• F02D41/3023Controlling fuel injection according to or using specific or several modes of combustion characterised by the mode(s) being used a mode being the stratified charge spark-ignited mode
    • F02D41/3029Controlling fuel injection according to or using specific or several modes of combustion characterised by the mode(s) being used a mode being the stratified charge spark-ignited mode further comprising a homogeneous charge spark-ignited mode
    • YGENERAL TAGGING OF NEW TECHNOLOGICAL DEVELOPMENTS; GENERAL TAGGING OF CROSS-SECTIONAL TECHNOLOGIES SPANNING OVER SEVERAL SECTIONS OF THE IPC; TECHNICAL SUBJECTS COVERED BY FORMER USPC CROSS-REFERENCE ART COLLECTIONS [XRACs] AND DIGESTS
    • Y02TECHNOLOGIES OR APPLICATIONS FOR MITIGATION OR ADAPTATION AGAINST CLIMATE CHANGE
    • Y02TCLIMATE CHANGE MITIGATION TECHNOLOGIES RELATED TO TRANSPORTATION
    • Y02T10/00Road transport of goods or passengers
    • Y02T10/10Internal combustion engine [ICE] based vehicles
    • Y02T10/12Technologies for the improvement of indicated efficiency of a conventional ICE
    • Y02T10/123Fuel injection
    • YGENERAL TAGGING OF NEW TECHNOLOGICAL DEVELOPMENTS; GENERAL TAGGING OF CROSS-SECTIONAL TECHNOLOGIES SPANNING OVER SEVERAL SECTIONS OF THE IPC; TECHNICAL SUBJECTS COVERED BY FORMER USPC CROSS-REFERENCE ART COLLECTIONS [XRACs] AND DIGESTS
    • Y02TECHNOLOGIES OR APPLICATIONS FOR MITIGATION OR ADAPTATION AGAINST CLIMATE CHANGE
    • Y02TCLIMATE CHANGE MITIGATION TECHNOLOGIES RELATED TO TRANSPORTATION
    • Y02T10/00Road transport of goods or passengers
    • Y02T10/10Internal combustion engine [ICE] based vehicles
    • Y02T10/40Engine management systems
    • Y02T10/44Engine management systems controlling fuel supply

Abstract

A two-cycle engine has a fuel injector provided for injecting fuel directly in a cylinder of the engine. An amount of air actually induced into the cylinder is calculated based on the amount of escape air and the amount of intake air detected by an air-flow meter. The quantity of fuel injected by the fuel injector is calculated based on the engine speed and the amount of air induced in the cylinder. The timing of the fuel injection is advanced as engine load increases and the duration of fuel injection increases as the engine load and engine speed increase.

Description

BACKGROUND OF THE INVENTION

The present invention relates to a system for controlling the injection of fuel for a two-cycle engine with a direct fuel injection system, and more particularly to a system for controlling the injection timing in accordance with operating conditions of the engine.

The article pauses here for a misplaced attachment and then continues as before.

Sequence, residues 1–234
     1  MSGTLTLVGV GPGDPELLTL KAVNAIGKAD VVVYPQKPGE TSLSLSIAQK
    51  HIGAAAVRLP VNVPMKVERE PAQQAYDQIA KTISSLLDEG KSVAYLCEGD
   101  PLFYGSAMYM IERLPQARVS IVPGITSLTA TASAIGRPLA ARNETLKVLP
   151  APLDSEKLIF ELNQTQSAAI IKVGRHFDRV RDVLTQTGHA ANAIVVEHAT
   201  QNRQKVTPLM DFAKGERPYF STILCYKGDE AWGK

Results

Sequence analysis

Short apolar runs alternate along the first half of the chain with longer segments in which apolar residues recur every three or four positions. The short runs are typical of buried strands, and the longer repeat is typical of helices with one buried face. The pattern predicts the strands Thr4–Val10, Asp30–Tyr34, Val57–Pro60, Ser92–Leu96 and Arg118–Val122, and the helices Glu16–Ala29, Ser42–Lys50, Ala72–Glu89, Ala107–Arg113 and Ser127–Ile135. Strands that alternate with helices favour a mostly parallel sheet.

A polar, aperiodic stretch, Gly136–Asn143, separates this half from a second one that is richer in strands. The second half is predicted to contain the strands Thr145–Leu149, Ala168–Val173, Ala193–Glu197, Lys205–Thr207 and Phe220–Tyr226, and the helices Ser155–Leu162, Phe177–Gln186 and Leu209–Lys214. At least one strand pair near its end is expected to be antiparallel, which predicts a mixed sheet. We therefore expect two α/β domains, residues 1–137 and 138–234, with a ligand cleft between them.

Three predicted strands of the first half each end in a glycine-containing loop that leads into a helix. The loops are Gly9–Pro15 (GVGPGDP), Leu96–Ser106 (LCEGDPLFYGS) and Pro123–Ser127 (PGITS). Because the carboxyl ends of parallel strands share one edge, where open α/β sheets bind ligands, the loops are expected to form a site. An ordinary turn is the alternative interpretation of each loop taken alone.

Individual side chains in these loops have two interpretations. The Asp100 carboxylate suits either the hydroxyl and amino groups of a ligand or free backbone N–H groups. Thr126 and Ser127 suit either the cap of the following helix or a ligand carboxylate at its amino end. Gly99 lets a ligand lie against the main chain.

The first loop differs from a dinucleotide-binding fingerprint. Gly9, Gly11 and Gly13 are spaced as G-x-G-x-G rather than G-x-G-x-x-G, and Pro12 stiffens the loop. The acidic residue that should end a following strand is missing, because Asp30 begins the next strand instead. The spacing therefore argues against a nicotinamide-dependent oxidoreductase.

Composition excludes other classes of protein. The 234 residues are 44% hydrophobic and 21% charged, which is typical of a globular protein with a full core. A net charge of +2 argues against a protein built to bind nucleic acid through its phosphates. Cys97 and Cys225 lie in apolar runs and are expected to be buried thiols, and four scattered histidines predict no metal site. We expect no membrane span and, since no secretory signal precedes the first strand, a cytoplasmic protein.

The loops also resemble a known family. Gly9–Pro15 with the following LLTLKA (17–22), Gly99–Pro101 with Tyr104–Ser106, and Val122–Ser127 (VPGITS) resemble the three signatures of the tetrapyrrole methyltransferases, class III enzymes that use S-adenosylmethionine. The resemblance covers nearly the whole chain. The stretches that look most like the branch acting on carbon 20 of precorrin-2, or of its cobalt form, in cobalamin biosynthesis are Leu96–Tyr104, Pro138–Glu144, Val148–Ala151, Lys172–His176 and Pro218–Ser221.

There are various methods for supplying fuel to a two-cycle engine. In a method where fuel is mixed with air to make a combustible mixture and the mixture is supplied to a cylinder of the engine, a part of the fuel escapes from the cylinder through an exhaust port during the scavenging of the cylinder. In order to prevent fuel from escaping through the exhaust port, a method in which air alone is delivered to the cylinder and fuel is injected directly to the cylinder by an injector is proposed.

Japanese Patent Application Laid-Open 62-113819 discloses a two-cycle engine in which first and second scavenge passages are provided. The first scavenge passage is provided with a first throttle valve and a fuel injector to supply a combustible mixture to a cylinder of the engine. The second scavenge passage is provided for supplying air. The quantity of fuel is calculated in accordance with engine speed and a signal from an air-flow meter. The cylinder is scavenged by air, then supplied with the combustible mixture. In the system, fresh air must be quickly delivered from first and second scavenge passages to perform the scavenging. Accordingly, the structure of the control system becomes complicated. Thus, it is preferable to employ a direct fuel injection system for directly injecting fuel to the cylinder.

Japanese Patent Application Laid-Open Nos. 57-203821 and 60-501963 disclose direct fuel injection systems where each fuel injector is mounted in the cylinder of the engine. A quantity of fuel dependent on engine operating conditions is injected to form a combustible mixture in the cylinder.

In the direct fuel injection system, the fuel is injected after the exhaust port is closed in a compression stroke. Since the pressure in the cylinder changes during the compression stroke, the penetration, distribution and atomization of the fuel spray inevitably varies in dependency on the timing and duration of the fuel injection. Accordingly, it is preferable to change the time condition, in order to form a proper combustible mixture and to burn the mixture in accordance with engine operating conditions. For example, in a heavy engine load range, the duration of fuel injection is increased to produce large engine power. To the contrary, in a light engine load range, a stratified charge is preferable for burning a mixture without misfiring.

SUMMARY OF THE INVENTION